Citizen Lane (G)
Such was the esteem in which art dealer Hugh Lane was held, if he even looked at a painting in a gallery, its value escalated. He lived in a period of literary rather than artistic ferment in Ireland. There were more people like W.B. Yeats than his brother Jack. “I’m going to revive the tradition of painting in this country,” he promised. Informed that there wasn’t one, he huffed, “well I’m going to revive it anyway.”
Thaddeus O’Sullivan directs this fascinating biopic about Lane. It’s as much drama as documentary – and as much a dramatisation as either. The ‘mixed grill’ format jars betimes but this is a minor complaint in a quality-studded film.
It doesn’t go into too much detail about how he got the money to buy what even then had to be astronomically priced paintings. He didn’t feel the Irish appreciated them enough but he had to accept the fact that issues like homelessness and poverty – both were rife at the time – had to be prioritised.
This is a point made by the MP William Martin Murphy when Lane goes to him looking for funding for an art gallery. He wants it to be built, wait for it, on the Ha’penny Bridge. (This isn’t a misprint. Not beside it. On it.)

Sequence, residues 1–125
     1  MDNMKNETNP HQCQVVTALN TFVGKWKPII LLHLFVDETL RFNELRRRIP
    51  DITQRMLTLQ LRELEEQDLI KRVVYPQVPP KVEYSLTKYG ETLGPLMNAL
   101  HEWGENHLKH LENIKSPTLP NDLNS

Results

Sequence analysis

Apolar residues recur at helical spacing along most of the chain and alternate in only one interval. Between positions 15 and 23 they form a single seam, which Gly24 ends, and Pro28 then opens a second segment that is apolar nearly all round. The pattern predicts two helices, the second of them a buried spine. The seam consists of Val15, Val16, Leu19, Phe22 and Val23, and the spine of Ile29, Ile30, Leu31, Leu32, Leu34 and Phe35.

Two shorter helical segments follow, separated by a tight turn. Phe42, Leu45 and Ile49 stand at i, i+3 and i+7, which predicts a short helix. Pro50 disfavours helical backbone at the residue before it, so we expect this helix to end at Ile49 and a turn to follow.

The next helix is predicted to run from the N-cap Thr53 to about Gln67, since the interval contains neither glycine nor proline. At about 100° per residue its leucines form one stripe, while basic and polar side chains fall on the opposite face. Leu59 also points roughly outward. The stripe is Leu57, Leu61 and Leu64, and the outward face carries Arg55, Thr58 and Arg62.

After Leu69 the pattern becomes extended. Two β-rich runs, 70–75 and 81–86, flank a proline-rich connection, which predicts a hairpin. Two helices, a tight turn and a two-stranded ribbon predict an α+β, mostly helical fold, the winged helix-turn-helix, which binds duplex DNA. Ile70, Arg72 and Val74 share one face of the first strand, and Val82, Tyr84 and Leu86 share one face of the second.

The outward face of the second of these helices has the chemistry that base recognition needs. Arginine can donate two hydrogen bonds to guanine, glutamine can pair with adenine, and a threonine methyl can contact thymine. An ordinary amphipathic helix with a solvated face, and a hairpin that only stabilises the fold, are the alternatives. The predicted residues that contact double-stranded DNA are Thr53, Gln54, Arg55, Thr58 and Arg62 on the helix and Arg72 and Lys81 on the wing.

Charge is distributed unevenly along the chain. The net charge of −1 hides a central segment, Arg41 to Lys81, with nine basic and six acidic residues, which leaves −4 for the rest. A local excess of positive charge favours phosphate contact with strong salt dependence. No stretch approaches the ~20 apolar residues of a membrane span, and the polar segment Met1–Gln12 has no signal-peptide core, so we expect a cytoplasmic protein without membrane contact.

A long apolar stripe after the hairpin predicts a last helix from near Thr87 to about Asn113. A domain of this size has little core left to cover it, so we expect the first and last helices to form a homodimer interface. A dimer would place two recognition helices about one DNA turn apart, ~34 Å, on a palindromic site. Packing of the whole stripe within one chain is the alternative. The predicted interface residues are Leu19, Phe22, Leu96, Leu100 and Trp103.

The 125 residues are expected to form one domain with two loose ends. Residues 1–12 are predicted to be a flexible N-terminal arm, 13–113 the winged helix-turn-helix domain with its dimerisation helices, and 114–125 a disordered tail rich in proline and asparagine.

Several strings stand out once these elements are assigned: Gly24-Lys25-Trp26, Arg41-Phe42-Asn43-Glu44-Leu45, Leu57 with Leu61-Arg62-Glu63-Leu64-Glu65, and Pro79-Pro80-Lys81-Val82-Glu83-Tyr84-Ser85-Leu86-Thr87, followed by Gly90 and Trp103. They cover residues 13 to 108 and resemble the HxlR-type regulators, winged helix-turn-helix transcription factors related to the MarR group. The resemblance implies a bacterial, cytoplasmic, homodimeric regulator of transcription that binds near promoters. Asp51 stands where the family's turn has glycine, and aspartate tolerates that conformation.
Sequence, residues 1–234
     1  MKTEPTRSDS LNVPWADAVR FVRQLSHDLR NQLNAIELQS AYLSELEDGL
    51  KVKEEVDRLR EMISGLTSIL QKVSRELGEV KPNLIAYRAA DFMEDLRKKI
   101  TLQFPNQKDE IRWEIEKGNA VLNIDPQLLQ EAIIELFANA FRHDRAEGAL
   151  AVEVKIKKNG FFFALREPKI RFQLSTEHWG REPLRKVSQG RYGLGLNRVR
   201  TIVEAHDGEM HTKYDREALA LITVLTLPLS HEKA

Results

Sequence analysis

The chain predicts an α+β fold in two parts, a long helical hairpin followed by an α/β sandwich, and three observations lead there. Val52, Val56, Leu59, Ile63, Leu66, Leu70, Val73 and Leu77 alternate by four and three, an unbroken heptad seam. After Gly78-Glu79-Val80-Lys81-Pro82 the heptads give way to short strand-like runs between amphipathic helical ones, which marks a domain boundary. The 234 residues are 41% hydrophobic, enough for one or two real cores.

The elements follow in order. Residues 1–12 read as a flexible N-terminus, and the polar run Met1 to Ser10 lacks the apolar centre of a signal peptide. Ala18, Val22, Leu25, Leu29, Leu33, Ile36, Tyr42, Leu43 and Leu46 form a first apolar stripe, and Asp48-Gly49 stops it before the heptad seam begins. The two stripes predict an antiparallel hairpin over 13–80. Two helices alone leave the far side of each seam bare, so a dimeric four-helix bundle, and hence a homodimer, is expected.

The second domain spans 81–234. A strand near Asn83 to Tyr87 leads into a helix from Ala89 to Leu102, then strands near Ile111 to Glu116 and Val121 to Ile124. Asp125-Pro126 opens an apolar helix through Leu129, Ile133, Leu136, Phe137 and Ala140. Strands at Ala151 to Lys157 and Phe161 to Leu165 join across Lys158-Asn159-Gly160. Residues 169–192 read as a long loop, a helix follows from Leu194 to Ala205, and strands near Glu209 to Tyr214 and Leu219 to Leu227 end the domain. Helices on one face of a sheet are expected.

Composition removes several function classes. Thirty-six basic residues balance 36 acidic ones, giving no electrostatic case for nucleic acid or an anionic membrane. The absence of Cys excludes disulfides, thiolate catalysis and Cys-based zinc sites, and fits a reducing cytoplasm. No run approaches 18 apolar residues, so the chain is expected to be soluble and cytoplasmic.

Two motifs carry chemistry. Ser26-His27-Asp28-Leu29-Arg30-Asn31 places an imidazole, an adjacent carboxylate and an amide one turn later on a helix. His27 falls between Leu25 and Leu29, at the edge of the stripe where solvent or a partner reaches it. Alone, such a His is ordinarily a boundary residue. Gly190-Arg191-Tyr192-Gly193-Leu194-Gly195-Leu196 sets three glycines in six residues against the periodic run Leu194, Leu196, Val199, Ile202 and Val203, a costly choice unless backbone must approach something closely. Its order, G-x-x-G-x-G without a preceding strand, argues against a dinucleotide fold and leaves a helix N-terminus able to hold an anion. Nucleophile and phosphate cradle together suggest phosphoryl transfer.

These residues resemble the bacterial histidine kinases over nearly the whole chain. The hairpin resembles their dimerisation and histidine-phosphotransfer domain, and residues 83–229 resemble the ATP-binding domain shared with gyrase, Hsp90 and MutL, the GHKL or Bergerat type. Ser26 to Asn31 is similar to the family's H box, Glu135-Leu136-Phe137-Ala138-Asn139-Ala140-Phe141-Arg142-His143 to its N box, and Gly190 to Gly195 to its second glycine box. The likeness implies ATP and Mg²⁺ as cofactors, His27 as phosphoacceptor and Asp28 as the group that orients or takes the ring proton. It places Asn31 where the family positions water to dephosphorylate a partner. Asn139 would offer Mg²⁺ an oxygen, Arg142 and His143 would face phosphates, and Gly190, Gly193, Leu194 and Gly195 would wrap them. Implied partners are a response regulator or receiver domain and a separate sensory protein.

You can imagine how people like Padraic Pearse would have felt about such a luxury. This wasn’t too long before the 1916 Rising. As Bertolt Brecht might have said: “First grub, then art.”
Murphy was an avid nationalist. Lane had an Anglo-Irish heritage. When Lane tells Martin he’s a nationalist too, Martin snorts, “yes, of a different hue”. The pun on his surname goes unnoticed.
The dialectic between aesthetes like Lane and hardscrabble pragmatists like Murphy underpin the action.
Yeats’ “greasy till” or Lane’s “divine beauty”? Monet or money? Take your pick.
The question of who owns Lane’s incredible art collection today is a vexed one. Before he died – he drowned on the Lusitania in 1915 – he willed them to Britain. Afterwards, he had a change of heart and added a codicil. It said he would be happy for them to be housed in Ireland – if a proper building could be found. (By now he’d dispensed with the bridge idea.)
Unfortunately, the codicil wasn’t witnessed so it meant nothing legally. An ad hoc arrangement pertains today. The paintings are in a metaphorical limbo on the Irish Sea, being loaned periodically by London’s National Gallery (which legally owns them) to us. They grudgingly allow us a ‘moral’ right to them.
Tom Vaughn-Lawlor (Nidge from Love/Hate) depicts Lane with an amiable archness. He gets the cut glass accent perfectly.
Cameos are provided by Bosco Hogan (he plays Lane’s distant father) and a number of others, like the brilliant Michael Gambon.
The historian Roy Foster says Lane was either a genius or “a used car salesman in a better suit”. I prefer genius.